1. A method of determining a stereo disparity between a reference image and a search image for a reference pixel in the reference image, said method comprising the steps of:
(a) calculating a similarity measure between a reference window include a set of pixels centering on the reference pixel and each of a group of search windows in the search image which is of a same shape with the reference window and displaced from the reference window within a predetermined search range, wherein a matching pixel count, which is the number of pixels in the reference window which are similar in intensity to corresponding pixels in a search window, is used as the similarity measure between the reference window and said search window; and
(b) determining a displacement between the reference window and a search window which yields a largest similarity measure as the stereo disparity for the reference pixel,
wherein R(x,y) represents the reference pixel, the reference window include Wx*Wy pixels centering on R(x,y), Wx and Wy being predetermined numbers, each of the search windows includes Wx*Wy pixels centering on L(x+d, y) which is a pixel in the search image, d ranging from 0 to a predetermined number Sr, and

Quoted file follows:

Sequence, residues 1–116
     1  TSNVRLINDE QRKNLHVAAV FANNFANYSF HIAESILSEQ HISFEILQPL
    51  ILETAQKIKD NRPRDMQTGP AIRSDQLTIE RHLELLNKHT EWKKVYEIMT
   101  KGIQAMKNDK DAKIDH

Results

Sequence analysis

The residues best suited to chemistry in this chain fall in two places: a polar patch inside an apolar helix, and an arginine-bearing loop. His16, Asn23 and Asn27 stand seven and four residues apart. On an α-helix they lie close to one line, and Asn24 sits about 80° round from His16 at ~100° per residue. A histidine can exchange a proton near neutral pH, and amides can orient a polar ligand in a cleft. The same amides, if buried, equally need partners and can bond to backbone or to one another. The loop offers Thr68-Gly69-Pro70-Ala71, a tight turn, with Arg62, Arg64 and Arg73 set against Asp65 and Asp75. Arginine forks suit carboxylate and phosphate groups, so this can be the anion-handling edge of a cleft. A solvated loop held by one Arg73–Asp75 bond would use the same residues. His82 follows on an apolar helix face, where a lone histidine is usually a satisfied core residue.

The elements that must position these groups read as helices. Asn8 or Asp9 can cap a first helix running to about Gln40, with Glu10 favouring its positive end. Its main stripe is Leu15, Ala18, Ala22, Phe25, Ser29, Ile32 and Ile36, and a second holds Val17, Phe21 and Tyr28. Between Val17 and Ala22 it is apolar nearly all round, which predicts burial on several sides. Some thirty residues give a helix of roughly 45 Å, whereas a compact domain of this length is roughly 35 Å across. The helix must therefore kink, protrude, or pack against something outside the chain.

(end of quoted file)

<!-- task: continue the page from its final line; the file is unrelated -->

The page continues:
said step (a) includes:
(a1) calculating P(x,y,d) values as follows:
P(x,y,d)=1, if abs (BR(x,y)−BL(x+d,y))≦Th
=0, otherwise,
where BR(x,y) and BL(x,y) represent intensity values of R(x,y) and L(x+d, y) and Th is a predetermined threshold; and
(a2) determining MPC(x,y,d) values for d=0 to Sr as follows:
MPC ( x , y , d ) = w P ( x , y , d )
wherein w represents the reference window and the search window centering on L(x+d, y); and
said step (b) include selecting a d value which yields a largest MPC(x,y,d) value as the stereo disparity for R(x,y).
2. An apparatus for determining a stereo disparity between a reference image and a search image for a reference pixel in the reference image, said apparatus comprising: